Why it's 'hard to bet against' NBC's Peacock in streaming wars: Analyst
NBC launched its new Peacock streaming service on July 15 into the very crowded field of television streaming services. Peacock has a totally free tier with access to most of the content, with ads; or you can pay $5 per month for access to the full catalog, with ads, or $10 per month for no ads. The app is not available on Roku or Amazon Fire TV at launch; HBO Max couldn’t come to terms with those two services either.
When Peacock was first announced, there were some groans here and there on social media—yet another streaming service to pay for? In the past nine months alone, we’ve seen the launch of Apple TV+, Disney+, Quibi, HBO Max, and now Peacock.
But NBC has enough hit shows in its library, old and newer, to make Peacock a must-have for a lot of people, including “Cheers,” “Frasier,” “30 Rock,” “Parks and Recreation,” “Friday Night Lights,” “Parenthood,” “SNL,” and the “Law & Order” franchise.
“They’ve shown to be very effective at building brands,” says Greg Portell, consumer analyst at Kearney. “Whether you talk about a ‘Law & Order,’ or ‘Friends,’ or Peacock, they have the talent to really make this work, and they’re in it for the long game because of the financing backing from Comcast. So it would be hard to bet against Peacock as a long-term player in the space.”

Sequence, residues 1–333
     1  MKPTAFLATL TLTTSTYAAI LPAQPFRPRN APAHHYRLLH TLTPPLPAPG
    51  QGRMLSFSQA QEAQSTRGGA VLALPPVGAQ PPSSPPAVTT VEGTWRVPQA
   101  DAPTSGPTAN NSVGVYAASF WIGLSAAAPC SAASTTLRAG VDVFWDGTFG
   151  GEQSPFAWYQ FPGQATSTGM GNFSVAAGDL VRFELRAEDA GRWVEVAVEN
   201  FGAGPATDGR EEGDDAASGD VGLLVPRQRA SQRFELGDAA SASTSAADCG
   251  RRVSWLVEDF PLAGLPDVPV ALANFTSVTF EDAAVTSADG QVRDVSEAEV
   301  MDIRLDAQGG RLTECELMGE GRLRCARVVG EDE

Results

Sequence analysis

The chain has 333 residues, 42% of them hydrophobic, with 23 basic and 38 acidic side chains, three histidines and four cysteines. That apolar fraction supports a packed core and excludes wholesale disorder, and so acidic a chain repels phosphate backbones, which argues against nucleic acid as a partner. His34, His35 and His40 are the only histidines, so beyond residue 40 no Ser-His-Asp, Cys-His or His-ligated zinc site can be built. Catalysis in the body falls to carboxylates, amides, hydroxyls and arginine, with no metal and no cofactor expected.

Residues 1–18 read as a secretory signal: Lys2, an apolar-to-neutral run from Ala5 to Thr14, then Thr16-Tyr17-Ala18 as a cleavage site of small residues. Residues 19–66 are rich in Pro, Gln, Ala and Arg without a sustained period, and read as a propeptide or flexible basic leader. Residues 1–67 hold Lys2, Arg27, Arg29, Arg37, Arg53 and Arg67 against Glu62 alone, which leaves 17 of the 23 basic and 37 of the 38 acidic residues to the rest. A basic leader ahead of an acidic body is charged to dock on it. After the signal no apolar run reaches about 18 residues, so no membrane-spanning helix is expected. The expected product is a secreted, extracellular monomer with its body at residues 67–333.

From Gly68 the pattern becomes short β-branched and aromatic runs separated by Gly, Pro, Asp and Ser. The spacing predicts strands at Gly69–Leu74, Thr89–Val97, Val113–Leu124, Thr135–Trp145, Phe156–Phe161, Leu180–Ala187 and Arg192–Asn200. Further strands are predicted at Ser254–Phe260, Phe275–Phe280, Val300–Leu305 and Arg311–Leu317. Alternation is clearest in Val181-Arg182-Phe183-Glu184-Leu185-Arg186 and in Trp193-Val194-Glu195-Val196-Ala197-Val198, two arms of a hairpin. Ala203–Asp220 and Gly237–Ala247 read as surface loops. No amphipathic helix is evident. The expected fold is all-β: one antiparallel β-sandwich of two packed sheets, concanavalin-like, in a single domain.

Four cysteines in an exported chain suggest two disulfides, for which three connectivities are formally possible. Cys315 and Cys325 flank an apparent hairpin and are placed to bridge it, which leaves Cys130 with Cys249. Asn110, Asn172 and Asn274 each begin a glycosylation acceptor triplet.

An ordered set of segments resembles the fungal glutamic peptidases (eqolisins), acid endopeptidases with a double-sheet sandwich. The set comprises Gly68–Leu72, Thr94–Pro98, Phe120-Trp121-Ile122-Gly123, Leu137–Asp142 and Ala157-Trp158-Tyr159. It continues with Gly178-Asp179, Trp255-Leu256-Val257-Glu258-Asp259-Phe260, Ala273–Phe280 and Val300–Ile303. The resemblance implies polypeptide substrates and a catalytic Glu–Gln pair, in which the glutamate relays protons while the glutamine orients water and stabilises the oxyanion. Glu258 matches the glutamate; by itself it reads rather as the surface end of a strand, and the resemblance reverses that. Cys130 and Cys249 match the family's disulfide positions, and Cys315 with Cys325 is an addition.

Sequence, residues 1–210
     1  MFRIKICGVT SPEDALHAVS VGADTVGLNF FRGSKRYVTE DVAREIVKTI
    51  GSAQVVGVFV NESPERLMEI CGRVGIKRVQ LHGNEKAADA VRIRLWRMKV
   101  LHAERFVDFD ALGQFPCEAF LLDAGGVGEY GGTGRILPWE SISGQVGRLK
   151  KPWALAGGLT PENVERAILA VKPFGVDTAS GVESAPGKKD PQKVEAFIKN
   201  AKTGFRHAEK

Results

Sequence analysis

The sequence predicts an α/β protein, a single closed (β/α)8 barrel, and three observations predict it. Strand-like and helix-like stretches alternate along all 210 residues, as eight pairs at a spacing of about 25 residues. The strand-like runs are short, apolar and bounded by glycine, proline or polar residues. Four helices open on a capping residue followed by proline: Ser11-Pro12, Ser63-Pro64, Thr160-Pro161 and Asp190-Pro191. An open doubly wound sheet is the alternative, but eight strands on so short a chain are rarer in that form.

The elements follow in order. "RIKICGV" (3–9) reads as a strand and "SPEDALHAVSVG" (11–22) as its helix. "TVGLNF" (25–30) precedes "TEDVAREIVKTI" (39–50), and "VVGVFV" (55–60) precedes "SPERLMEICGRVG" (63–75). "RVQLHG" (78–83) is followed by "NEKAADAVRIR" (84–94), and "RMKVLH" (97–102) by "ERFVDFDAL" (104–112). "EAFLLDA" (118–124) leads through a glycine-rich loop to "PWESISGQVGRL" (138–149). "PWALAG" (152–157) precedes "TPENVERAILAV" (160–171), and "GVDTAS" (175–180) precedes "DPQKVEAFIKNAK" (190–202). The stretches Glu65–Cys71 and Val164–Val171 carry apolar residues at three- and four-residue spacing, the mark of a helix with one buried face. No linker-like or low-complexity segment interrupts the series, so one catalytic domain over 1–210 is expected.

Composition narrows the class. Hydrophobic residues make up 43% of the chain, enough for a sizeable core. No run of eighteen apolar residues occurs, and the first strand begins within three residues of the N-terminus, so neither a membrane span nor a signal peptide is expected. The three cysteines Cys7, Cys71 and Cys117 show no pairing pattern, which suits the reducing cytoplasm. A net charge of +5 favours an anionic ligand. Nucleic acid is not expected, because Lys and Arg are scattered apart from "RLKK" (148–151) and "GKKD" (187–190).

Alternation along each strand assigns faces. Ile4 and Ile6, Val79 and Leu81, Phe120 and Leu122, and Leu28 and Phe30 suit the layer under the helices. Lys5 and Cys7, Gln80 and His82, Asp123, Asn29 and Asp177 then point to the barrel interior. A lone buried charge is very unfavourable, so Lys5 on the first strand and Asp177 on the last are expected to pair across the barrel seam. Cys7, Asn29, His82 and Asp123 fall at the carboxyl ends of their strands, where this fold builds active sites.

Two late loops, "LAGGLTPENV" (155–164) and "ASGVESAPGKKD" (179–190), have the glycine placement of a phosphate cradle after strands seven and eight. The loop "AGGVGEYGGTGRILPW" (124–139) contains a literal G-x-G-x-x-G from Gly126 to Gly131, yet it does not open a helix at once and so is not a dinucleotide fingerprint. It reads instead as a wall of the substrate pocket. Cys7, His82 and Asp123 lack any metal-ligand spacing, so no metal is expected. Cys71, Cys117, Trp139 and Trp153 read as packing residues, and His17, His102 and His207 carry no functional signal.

It’s a big advantage for Peacock, and will likely stoke downloads, that so much of the content is available for free, if viewers are willing to sit through the ads.
Two huge NBC shows are missing from Peacock: “Friends” will not come to Peacock, after WarnerMedia paid $425 million to put the show on HBO Max; and “The Office” won’t hit Peacock until January, but in the meantime Peacock has an “Office Shorts” channel that shows clips from “The Office” 24/7.
Those are all well-known core NBC shows, which is not to mention non-NBC shows on Peacock, like “Downton Abbey” (NBCUniversal owns Carnival, the British studio behind the show) and “Yellowstone” (Comcast cut a licensing deal with Viacom for the Paramount show). Then there’s a slew of new original shows and movies that are part of the premium tier, including “Brave New World” and reboots of “Battlestar Galactica” and “Saved By The Bell.”
Of course, shooting for much of the planned new original content has been delayed due to the pandemic. Peacock had “an ambitious content schedule that was going to try and create a lot of that must-see, unique, Peacock-only type of viewing,” Portell says, and COVID-19 got in the way.
The biggest pandemic hit to Peacock was the delay of the Tokyo Olympics a full year. Live Olympics coverage was originally set to be the tentpole that set Peacock apart. Once the Olympics got delayed, some wondered if Peacock ought to delay its launch.
Portell says Peacock couldn’t have afforded to do that. “At this point the market is a mature marketplace, and waiting a year to come out would have been a bit of a disadvantage. The upside of Covid for Peacock is that because sports is delayed, it does give them a little bit of a lower expectation coming out of the gate, so they can get some of their subscriber acquisition strategies, some of their pricing and bundle strategies, tried out and tested before they have to really make a splash with the Olympics.”
Daniel Roberts is an editor-at-large at Yahoo Finance and closely covers streaming media. Follow him on Twitter at @readDanwrite.
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